Once upon a time, parents documented their kids’ firsts in words and pictures in baby books and scrapbooks that got updated as life’s big milestones got reached. Family photo albums grew thick with memories of trips, holidays, friends and relatives.
But who has time for that? I have two kids, thousands of pictures of them and a bunch of well-meaning, half-finished photo book projects littering my house and computer.
For our parents and grandparents, it was easy enough to organize, assemble and pass along a handmade book that told the story of their children’s lives in photographs. But the digital world has seriously complicated that rite of passage.
My biggest problem: an unruly photo collection. It is heaping digital mess that — along with weighing heavy on my soul — stops me from completing these projects not long after starting them.
Photo book sites like Shutterfly and Moleskine help making albums a little easier. There’s also Mosaic, a photo book app for iPhone photos, and blurb, which helps you create a photo book from your Instagram or Facebook posts. And this underscores the problem: Our photos are scattered in virtual piles everywhere.
How do we best preserve the memories of our kids’ childhoods, when our digital lives are scattered and ephemeral?
Changing Generational Preferences
The landscape has changed, and our kids may not be as attached to the idea of the hard copy family photo album as we are.
“I really think that that preference for the physical … is probably generational and will fade,” says Clifford Lynch of the Coalition for Networked Information.
What’s likely, Lynch says, is that our kids will expect to review the stories of their lives digitally and photo books will instead be for special life events like graduations and family trips. Albums will tell just a fraction of the story.
“I think what you’re going to find in the future is … you’re going to get a hard drive that will be passed along to a parent or a grandparent, and it will be the digital analog of an enormous shoebox full of pictures,” Lynch says. Most of the pictures, he says, will include embedded metadata like dates and locations just like how physical photos have information stamped or scribbled on the backs.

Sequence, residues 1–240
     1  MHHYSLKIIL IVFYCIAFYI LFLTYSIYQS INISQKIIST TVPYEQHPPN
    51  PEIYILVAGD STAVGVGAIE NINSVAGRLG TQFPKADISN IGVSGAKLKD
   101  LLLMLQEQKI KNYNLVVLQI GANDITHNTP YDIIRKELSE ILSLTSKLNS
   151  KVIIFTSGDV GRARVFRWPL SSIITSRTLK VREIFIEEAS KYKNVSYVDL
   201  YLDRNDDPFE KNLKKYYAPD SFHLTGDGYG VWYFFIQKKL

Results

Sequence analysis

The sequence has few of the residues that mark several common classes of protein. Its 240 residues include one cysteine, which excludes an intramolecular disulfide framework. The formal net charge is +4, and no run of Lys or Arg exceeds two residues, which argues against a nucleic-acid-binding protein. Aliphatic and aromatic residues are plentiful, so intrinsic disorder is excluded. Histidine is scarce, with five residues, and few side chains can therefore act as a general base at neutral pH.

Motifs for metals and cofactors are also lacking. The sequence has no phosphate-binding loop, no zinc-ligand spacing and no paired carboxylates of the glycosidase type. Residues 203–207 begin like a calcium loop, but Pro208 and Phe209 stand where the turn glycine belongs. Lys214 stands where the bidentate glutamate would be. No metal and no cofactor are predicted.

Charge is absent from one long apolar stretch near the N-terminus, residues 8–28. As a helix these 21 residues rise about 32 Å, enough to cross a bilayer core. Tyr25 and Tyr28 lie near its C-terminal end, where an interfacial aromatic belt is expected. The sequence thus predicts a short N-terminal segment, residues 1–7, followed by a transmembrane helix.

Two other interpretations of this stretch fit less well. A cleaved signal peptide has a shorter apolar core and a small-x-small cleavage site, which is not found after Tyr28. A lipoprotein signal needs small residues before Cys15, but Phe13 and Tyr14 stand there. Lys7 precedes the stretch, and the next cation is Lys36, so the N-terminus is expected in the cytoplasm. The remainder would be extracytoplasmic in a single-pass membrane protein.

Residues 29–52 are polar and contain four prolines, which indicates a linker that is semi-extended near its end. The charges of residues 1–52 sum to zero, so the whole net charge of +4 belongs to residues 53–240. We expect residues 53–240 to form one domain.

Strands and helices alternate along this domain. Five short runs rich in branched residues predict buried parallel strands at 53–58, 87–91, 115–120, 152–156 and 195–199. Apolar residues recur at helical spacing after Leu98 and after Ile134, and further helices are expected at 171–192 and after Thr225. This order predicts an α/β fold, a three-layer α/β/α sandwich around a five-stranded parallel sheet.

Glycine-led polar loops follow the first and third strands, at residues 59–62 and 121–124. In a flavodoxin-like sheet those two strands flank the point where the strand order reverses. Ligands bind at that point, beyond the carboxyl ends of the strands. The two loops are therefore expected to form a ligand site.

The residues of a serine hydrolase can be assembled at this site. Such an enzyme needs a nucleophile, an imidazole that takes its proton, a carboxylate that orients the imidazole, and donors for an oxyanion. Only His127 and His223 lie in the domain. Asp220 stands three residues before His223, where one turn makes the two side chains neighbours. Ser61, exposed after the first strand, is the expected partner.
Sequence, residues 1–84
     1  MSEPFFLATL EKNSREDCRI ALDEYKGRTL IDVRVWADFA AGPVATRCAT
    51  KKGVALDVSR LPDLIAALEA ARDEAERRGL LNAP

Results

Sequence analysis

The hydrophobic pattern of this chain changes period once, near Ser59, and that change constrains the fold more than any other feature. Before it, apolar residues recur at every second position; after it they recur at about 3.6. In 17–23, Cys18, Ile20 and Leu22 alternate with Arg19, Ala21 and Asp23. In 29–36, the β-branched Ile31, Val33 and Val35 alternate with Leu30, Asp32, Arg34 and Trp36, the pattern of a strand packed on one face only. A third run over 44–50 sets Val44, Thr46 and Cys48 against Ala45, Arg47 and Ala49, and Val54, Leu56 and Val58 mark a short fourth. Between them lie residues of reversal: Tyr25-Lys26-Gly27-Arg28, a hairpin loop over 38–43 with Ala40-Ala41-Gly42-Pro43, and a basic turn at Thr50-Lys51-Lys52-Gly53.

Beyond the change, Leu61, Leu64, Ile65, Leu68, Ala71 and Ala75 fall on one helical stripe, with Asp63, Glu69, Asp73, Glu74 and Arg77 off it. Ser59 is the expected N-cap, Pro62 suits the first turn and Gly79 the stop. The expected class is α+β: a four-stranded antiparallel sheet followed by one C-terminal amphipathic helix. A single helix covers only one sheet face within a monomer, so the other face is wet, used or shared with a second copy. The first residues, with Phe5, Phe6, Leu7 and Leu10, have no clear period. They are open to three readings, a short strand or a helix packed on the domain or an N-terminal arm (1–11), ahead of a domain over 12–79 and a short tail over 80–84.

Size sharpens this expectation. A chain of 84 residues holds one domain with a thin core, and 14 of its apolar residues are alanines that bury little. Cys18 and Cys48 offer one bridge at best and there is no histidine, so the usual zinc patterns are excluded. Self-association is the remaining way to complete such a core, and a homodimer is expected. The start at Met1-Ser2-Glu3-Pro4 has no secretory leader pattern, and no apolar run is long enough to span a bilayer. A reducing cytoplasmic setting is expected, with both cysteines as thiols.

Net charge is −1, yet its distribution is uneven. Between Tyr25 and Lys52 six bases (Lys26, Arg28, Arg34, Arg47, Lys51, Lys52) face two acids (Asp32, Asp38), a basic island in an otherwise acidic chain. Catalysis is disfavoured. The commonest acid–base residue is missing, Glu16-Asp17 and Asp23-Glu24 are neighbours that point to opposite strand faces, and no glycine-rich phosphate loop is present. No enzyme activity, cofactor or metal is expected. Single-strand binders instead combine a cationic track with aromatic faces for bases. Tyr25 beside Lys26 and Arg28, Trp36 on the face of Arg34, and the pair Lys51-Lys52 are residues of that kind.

“But a lot of the shoebox will be disorganized stuff,” Lynch says. “You will find pictures with people in them that you don’t recognize. And part of the fun will be going through these shoeboxes.”
Lynch suggests that facial recognition software will help. “It’s actually not crazy to think that 10 years from now there will be software that will recognize some common people.”
It’s just so easy to take a picture and so time-consuming to really curate it, Lynch says. “I can’t imagine that most people are going to curate any substantial portion of what they capture.”
Nothing Lasts Forever?
The problem then with the virtual piles of photographs isn’t really a sign of our failings as scrapbookers but rather, lamentably, as personal archivists. Counting on your kids to be able to scroll through your Facebook photo albums or your Tumblr? Think again. It’s likely that if the photo sharing site you use goes under, your collections won’t endure either.
“We’re so new into this technology, and yet it’s so widely adopted that we’re just in this very unusual state where we’ve got all this kind of fabulous documentation, it’s very fragile, it’s very important, and we haven’t yet figured out a kind of simple, easy way to make it endure,” says archivist Bill LeFurgy. “It’s a major problem.”
It’s easy to wax poetic about the virtues of a printed photo you hand your kid or slap in a photo album. And however inelegant, dumping photos in a shoebox mostly ensures your kid will get to see these stories of their lives. Lose your phone full of baby photos or fry your hard drive? Those photos are gone forever.
As the head of the digital preservation group at the Library of Congress, LeFurgy is leading an outreach program on personal digital archiving to help teach the basics about issues IT experts and professional archivists have been tackling for years. In a blog post, he writes:
“The issues involved in digital preservation are extensive. Technology advancement, digital decay, data integrity and storage, and economic sustainability all come into play. These issues, along with the very rapidly growing volume of digital content, make digital preservation a moving target.”
If you’ve been pushing off plans to make sense of your digital photo collections, here are some basics to help you get started:
Baby steps. You don’t have to do tame your entire collection at once. But your first priority should be archiving, so resist the urge to organize, tag or scrapbook as you go. Your first priority is to get them all together and saved in one nice folder on your computer.
But seriously, I don’t even know where to begin. Start by identifying where all of your photos are – Facebook, Instagram, on your phone, memory cards, Flickr, Shutterfly, CDs. Then decide which ones you want to keep. Have 40 shots of the same moment? You probably don’t need 37 of them saved to your archive folder. But if editing them is slowing you down, dump ’em in the folder and move on. You can edit — and further organize and add other metadata — later.
Create two backup files and give one away. Put your archive on say, an external hard drive and a flash drive. Then store the backup files far apart. Give a copy to a friend or put it in a safe deposit box. That way if something bad happens to your house – like a flood or fire – your files are safe. You can also pay for an online backup site.
Actively manage your archives. Not only should you frequently update your copies with new photos, you should make a copy of your collection to new storage media every five years.